Okay, last week’s haul. I’ve gotta stop being so busy on Thursdays-through-Sundays…
- The Brave and the Bold: The Lords of Luck vol 1 HC, by Mark Waid, George Pérez & Bob Wiacek (DC)
- Countdown to Final Crisis #21 of 52 (backwards), by Paul Dini, Sean McKeever, Keith Giffen, Jamal Igle & Mark McKenna (DC)
- Justice Society of America #11, by Geoff Johns, Alex Ross, Dale Eaglesham, Ruy Jose & Drew Geraci (DC)
- Annihilation Conquest #2 of 6, by Dan Abnett, Andy Lanning, Tom Raney & Scott Hanna (Marvel)
- Marvel Masterworks: Spider-Man vol 86 HC, collecting Amazing Spider-Man #78-87, by Stan Lee, John Romita, John Buscema & Jim Mooney (Marvel)
- Invincible #47, by Robert Kirkman & Ryan Ottley (Image)
- Lobster Johnson: The Iron Prometheus #4 of 5, by Mike Mignola & Jason Armstrong (Dark Horse)
- Rex Mundi: Crown and Sword vol 4 TPB, by Arvid Nelson & Juan Ferreyra (Dark Horse)
- Atomic Robo #3 of 6, by Brian Clevinger, Scott Wegener & Joshua Ross (Red 5)
Although I’ve been down on the two most recent issues of The Brave and the Bold, the first 6-issue story arc was killer: Batman and Green Lantern in Las Vegas, Green Lantern, Supergirl and Lobo in space, the Book of Destiny, the Lords of Luck, the Fatal Five, and Batman outsmarting the whole Legion of Super-Heroes. And of course that gorgeous George Pérez artwork. Now you can own the whole story in a spiffy hardcover collection with a few pages of annotations by writer Mark Waid.
Or you can wait for the inevitable paperback edition. But I didn’t.
Rex Mundi seems to be coming together – at last – with this latest volume. Juan Ferreyra’s a good artist, although maybe not detail-oriented enough for my tastes (lots of panels relying more on coloring than linework for their backgrounds, for instance), but the range of facial expressions he draws is impressive. Mainly, though, Arvid Nelson’s story is finally really moving. To recap, the story takes place in an alternate Europe in 1933 in which the Protestant Revolution failed, and sorcery works. Our hero, Dr. Julien Saunière, is seeking the answers to a centuries-old mystery about the Catholic Church and the kings of France. With both the Church and the Duke Lorraine following his every move, he seems to be getting closer, even as the fecal matter hits the fan in the form of war breaking out across Europe. Nelson turns the Axis/Allies alliances on their heads, although the Axis in this setting bears little relationship to the one from our World War II.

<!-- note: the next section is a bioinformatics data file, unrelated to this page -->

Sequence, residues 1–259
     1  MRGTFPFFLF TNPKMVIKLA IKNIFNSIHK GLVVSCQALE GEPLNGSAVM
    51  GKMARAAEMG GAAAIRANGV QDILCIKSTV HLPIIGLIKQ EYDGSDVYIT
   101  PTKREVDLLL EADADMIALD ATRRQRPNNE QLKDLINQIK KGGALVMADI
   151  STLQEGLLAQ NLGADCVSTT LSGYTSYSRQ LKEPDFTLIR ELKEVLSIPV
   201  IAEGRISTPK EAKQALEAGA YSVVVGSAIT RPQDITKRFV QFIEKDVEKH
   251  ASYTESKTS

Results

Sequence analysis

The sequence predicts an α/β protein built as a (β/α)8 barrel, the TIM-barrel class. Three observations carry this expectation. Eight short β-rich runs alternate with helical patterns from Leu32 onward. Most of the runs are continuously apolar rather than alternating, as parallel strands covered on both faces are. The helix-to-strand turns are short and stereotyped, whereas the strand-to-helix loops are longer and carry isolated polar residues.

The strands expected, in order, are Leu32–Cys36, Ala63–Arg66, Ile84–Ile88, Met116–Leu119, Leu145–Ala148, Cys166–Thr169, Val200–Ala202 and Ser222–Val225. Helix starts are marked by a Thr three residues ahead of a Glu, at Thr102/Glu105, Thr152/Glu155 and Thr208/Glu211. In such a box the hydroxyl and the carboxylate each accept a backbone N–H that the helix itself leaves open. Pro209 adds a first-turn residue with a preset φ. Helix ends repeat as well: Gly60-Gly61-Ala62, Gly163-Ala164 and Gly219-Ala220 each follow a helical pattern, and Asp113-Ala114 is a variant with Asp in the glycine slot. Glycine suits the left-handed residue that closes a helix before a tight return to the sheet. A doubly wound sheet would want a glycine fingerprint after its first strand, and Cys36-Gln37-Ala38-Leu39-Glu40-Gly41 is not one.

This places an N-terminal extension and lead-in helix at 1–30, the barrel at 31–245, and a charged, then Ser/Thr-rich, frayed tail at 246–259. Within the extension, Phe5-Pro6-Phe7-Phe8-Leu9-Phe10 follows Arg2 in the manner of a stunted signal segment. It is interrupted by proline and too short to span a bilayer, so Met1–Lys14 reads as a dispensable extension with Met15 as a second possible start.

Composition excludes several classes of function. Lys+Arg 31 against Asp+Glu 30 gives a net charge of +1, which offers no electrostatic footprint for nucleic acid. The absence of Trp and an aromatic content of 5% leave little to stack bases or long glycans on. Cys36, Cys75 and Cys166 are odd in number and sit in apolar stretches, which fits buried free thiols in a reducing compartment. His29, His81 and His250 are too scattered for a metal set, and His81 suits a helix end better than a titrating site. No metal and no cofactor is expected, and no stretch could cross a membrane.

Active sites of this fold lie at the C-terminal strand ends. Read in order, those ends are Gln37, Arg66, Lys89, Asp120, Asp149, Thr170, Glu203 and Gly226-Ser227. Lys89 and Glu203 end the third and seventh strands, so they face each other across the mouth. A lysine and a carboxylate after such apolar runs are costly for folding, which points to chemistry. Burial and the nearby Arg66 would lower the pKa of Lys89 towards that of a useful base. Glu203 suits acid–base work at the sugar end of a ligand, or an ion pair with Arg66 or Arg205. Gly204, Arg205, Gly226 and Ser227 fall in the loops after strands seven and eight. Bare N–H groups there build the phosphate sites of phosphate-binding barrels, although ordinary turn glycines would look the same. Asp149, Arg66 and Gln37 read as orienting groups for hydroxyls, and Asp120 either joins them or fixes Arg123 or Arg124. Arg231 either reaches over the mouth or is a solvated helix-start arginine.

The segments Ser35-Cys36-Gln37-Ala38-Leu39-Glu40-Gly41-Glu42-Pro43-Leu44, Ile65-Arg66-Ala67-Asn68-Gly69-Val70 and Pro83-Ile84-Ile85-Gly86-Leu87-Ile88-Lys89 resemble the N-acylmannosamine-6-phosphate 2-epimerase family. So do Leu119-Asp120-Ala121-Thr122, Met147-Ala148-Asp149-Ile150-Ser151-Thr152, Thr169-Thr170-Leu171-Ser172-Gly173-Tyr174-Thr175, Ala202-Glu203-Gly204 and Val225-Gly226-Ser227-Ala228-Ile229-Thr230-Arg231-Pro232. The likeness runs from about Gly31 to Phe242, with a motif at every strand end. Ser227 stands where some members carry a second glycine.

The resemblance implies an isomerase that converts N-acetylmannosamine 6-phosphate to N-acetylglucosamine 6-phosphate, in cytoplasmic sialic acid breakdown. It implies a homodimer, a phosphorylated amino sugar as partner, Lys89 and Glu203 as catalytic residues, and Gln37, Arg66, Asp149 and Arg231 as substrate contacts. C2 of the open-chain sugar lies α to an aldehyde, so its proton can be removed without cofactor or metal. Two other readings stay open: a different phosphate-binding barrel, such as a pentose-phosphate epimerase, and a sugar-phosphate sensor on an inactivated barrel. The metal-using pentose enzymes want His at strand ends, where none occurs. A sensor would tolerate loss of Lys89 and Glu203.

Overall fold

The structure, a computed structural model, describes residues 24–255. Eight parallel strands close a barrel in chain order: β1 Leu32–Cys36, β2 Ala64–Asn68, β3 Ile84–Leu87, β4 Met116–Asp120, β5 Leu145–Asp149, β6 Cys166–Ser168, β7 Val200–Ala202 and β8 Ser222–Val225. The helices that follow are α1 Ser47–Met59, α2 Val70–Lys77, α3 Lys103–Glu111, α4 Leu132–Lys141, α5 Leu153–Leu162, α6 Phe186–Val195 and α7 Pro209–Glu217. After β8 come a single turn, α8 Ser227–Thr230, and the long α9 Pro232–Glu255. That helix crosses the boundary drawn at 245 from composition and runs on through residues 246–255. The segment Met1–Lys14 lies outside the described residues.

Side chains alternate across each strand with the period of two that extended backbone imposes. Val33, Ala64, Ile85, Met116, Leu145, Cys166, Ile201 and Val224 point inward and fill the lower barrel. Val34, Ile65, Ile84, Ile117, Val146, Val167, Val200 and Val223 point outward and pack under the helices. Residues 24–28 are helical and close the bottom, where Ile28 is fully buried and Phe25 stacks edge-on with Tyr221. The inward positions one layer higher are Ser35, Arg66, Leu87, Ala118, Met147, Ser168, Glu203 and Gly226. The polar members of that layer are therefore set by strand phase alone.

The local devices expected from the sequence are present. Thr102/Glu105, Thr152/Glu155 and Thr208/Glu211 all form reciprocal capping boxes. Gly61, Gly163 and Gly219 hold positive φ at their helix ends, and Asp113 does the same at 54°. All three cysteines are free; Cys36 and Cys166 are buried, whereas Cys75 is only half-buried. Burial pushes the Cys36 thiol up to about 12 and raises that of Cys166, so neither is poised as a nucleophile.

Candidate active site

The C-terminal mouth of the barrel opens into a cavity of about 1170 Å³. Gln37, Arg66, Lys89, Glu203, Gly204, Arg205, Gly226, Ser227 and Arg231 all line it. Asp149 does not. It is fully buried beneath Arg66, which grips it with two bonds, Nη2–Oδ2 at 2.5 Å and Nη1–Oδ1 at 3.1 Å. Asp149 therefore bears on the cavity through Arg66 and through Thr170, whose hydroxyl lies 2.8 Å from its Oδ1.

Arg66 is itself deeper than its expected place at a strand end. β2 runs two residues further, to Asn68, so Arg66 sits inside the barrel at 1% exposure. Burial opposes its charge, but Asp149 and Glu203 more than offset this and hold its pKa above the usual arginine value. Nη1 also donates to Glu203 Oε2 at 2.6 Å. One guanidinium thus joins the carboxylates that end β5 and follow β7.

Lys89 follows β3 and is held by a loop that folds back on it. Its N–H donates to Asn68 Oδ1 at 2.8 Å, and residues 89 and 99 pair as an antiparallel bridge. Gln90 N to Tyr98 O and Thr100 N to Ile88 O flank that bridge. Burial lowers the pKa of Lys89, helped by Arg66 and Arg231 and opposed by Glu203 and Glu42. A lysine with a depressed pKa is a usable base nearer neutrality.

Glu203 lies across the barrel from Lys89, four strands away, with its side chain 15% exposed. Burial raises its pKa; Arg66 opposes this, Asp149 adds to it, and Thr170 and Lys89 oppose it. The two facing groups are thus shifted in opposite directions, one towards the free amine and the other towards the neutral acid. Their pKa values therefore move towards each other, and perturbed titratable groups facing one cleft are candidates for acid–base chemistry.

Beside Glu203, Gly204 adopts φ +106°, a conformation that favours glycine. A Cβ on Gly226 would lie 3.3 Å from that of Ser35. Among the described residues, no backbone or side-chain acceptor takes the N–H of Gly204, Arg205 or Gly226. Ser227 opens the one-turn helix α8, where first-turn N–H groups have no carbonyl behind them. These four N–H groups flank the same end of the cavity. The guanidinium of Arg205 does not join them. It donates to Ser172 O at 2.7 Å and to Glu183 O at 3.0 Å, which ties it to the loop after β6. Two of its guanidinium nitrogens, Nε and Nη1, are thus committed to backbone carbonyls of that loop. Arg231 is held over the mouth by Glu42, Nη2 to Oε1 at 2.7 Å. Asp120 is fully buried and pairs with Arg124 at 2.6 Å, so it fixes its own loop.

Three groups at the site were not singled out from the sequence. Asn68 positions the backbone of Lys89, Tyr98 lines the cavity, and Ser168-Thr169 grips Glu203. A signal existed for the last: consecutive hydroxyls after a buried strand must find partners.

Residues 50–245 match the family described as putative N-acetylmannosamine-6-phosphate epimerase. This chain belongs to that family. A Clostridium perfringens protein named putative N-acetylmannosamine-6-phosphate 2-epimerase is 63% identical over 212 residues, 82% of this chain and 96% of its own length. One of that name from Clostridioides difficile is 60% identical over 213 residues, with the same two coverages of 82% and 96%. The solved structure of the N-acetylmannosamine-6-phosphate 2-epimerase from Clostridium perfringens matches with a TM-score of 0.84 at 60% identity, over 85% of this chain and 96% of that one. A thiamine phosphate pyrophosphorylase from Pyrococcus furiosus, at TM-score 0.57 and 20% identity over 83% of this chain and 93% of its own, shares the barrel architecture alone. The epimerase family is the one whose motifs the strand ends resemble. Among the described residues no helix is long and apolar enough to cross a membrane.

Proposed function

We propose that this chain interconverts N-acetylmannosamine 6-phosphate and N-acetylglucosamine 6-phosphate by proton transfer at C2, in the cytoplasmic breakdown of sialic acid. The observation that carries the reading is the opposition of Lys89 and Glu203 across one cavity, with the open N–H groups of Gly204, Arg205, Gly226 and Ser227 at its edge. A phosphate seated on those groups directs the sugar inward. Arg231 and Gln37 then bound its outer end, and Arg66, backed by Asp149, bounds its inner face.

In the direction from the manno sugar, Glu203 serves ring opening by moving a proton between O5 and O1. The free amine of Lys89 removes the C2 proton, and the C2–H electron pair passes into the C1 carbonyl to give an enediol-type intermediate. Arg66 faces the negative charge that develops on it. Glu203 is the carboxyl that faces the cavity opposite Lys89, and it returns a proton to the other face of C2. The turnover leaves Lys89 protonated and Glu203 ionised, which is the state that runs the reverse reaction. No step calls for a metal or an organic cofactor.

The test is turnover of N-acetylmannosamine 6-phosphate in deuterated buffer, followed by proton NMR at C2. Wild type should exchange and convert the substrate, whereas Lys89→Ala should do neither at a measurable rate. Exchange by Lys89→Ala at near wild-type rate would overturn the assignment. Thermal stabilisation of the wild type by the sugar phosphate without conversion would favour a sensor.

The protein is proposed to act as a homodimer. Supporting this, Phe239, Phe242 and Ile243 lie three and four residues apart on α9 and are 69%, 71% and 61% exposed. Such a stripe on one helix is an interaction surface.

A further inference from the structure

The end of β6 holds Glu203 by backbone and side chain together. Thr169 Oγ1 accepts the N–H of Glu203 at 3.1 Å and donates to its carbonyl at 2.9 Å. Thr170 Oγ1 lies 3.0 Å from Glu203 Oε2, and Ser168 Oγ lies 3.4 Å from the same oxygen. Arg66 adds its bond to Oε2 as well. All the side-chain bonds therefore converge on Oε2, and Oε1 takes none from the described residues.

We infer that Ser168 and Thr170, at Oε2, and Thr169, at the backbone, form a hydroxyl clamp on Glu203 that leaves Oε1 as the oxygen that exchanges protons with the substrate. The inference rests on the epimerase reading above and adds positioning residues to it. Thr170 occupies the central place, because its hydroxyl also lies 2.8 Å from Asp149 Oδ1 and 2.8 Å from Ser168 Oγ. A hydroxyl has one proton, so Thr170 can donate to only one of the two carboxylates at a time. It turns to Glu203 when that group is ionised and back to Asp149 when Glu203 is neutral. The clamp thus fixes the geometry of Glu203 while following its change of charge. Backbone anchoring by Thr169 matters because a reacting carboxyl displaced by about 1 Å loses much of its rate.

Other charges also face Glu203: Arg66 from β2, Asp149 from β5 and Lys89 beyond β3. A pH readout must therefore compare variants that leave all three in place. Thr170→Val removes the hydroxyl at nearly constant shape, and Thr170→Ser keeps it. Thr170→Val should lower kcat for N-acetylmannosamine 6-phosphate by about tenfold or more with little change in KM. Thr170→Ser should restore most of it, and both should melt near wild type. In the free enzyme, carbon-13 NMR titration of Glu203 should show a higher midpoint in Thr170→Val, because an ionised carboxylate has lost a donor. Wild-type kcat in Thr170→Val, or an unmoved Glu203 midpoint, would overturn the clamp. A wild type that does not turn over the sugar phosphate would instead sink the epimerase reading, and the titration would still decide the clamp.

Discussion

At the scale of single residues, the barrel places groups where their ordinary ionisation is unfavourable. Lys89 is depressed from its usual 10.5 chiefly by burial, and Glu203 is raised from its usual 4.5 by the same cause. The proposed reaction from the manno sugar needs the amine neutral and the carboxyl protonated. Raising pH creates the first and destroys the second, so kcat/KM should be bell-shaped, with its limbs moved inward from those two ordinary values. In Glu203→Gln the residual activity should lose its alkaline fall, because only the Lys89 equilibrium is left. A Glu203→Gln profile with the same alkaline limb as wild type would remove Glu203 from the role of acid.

So my interest has been revived in the story. I think it would wear a bit better if the story were more character-oriented, although if Nelson has a bang-up ending in mind for the overall story then it could be just fine. I tend to be rather cynical when it comes to ongoing comic books, since it seems like nothing ever gets resolved (I have this problem in spades with TV shows, too), and it’s hard to see the current story going on for more than 2 or 3 more volumes. Nelson could throw a wrench in the works and send the story off in some substantially different direction, but that would be odd since so far the story has tracked steadily in a single direction. But it could happen.
There’s something about Atomic Robo that I don’t get.
The problem might be that it’s just one of several books being published today with the general theme of “adventurers with nonhuman backgrounds who tackle scientific/supernatural threats”. The best-known of these is the burgeoning Hellboy franchise at Dark Horse, of course. But Burlyman’s Doc Frankenstein is right in there, as are The Perhapanauts and The Umbrella Academy. All of these books have more of a pulp-magazine adventure feel than a superhero feel, and the characters often act on their own or outside of the public eye. I think Hellboy is the most popular mainly because he predates the rest of the current generation by a decade or so (plus he’s been in a feature film).
But Atomic Robo doesn’t really stand out. It seems to focus on the outright mayhem part of the adventures more than the other titles, but that doesn’t leave a lot of room for characterization, and the plots are very simplistic.
Robo himself is a smartass, and a little melancholy about some elements in his past, but that’s about all I’ve gleaned about the long-lived protagonist of the series, who was constructed by Nikola Tesla in the early 20th century. The stories don’t have much of a period feel, and this issue – about a mobile pyramid threatening Egypt – takes place in the present day. (It also ends with a big explosion, so abruptly I wondered there were pages missing.) We’re getting very brief vignettes about Robo, but not much depth. I think the creators have greater plans for the character, but I don’t think they’ve led with their best foot forward in this mini-series.
Still, with three issues to go there’s still time for that to change.